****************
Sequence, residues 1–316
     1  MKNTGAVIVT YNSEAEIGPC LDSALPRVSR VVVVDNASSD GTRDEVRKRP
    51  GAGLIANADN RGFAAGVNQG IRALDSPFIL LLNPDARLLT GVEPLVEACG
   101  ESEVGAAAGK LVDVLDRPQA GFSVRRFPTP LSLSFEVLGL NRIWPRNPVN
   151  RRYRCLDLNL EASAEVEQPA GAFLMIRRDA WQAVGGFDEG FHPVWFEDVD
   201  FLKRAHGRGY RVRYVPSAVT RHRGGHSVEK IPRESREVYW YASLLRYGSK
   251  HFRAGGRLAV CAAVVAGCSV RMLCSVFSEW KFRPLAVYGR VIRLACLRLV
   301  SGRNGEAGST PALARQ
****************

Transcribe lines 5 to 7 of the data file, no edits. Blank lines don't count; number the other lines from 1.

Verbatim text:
   151  RRYRCLDLNL EASAEVEQPA GAFLMIRRDA WQAVGGFDEG FHPVWFEDVD
   201  FLKRAHGRGY RVRYVPSAVT RHRGGHSVEK IPRESREVYW YASLLRYGSK
   251  HFRAGGRLAV CAAVVAGCSV RMLCSVFSEW KFRPLAVYGR VIRLACLRLV